A deeply religious man, he was decidedly against the prospect of meddling with God's creation of life. However, as attempt after attempt to create a new species failed to produce a viable specimen, his fears were somewhat allayed and he turned his attention to the impact of the study itself.
In 1972, in a moment of divine enlightenment, Dr. Nejem had a vision of a future no one had yet conceived of. He was driven to document it in a fervid two-hundred page account which earned him the mockery of his own team members, and a subsequent ejection from Project Delta-Omega. In his report, Dr. Nejem predicted the birth of a species so invasive and prolific it would overwhelm the planet. He spoke of the delicate balance between native species and their environment being irreparably disrupted by the introduction of an artificially engineered life form which we would neither understand nor be able to contain. He predicted the destruction of cities and civilization, endless famine, the breakdown of communication and travel; complete and total isolation for the surviving individuals--the concept of "divide and conquer" on a global scale. The report concluded with a desperate plea to suspend the study and a prayer:
Al-Rahim, waste not your mercy on us, for we are beyond redemption. Watch instead over our children, and their children, for they are the ones who will suffer for our sins. Our avarice paves the road for Shaytan and they will have no defense against him. Al-Rahman, I beseech you in the name of all innocents, but I fear this evil we are bringing forth will be so great it will destroy you, too. Forgive us.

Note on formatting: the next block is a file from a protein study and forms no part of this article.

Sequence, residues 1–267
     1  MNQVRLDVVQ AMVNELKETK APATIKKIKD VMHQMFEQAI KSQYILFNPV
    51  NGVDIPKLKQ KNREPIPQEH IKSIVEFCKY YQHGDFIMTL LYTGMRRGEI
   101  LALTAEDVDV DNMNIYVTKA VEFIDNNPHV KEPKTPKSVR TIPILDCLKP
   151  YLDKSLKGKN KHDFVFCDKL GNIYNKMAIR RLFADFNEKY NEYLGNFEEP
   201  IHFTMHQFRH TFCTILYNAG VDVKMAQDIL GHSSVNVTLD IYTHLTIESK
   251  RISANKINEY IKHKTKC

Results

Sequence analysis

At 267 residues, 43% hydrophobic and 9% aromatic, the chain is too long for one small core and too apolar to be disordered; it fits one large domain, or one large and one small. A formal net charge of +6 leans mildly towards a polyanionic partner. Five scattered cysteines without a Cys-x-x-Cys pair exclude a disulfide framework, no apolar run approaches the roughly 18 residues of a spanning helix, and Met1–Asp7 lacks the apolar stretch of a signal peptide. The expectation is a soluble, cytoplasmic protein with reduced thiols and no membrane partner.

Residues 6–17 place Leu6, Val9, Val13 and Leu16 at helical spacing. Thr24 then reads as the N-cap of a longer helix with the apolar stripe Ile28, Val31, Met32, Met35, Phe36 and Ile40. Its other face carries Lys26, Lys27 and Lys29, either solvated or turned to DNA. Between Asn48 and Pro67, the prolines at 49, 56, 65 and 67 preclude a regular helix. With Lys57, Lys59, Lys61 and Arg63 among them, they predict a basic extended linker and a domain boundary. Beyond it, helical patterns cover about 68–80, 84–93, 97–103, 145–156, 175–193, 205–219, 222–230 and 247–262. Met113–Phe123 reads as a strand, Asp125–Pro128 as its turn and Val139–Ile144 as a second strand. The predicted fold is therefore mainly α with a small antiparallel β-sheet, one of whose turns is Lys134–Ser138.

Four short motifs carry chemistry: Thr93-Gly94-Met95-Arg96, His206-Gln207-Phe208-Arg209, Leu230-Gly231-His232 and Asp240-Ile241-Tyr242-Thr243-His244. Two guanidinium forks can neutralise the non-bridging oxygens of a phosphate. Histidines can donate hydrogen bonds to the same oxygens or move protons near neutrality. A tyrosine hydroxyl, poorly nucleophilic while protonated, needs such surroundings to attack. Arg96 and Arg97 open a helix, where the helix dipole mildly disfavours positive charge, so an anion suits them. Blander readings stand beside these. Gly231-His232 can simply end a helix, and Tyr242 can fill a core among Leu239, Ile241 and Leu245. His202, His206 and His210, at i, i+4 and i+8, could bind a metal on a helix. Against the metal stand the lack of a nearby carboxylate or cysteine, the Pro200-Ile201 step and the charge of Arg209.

As the only non-scientific member of the forum, MSG Creedy was commissioned for the purposes of technical logistics and security. After being presented with the initial research along with the other forum members, MSG Creedy astutely came to the conclusion that any attempt to tamper with the laws of nature could prove to be hazardous beyond the teams' ability to contain. Her objective during the first five years of independent research was to design a facility large enough to accommodate scientific freedom of research and expansion, while also accounting for serious safety measures in case of a breach.
In 1962, during the Cuban Missile Crisis, the Defense Intelligence Agency confiscated all blueprints associated with the project. When she filed a formal complaint with her commanding officer, she was summarily dismissed and advised not to pursue the matter further. Creedy went as far as the White House and, after sneaking into the oval office--exposing a major security flaw in the process--presented her suspicions of a growing conspiracy within the highest ranks of the US Armed Forces to the Commander in Chief himself. Her fears were not allayed. Creedy was taken into custody for treason. The case against her was never brought to trial. All records of her involvement in the US Armed Forces were disappeared, and any paper trail documenting her life were destroyed. The last and only remaining evidence of Creedy's existence was a blurry photograph taken in Dallas, Texas on November 22, 1963, moments before the John F. Kennedy assassination.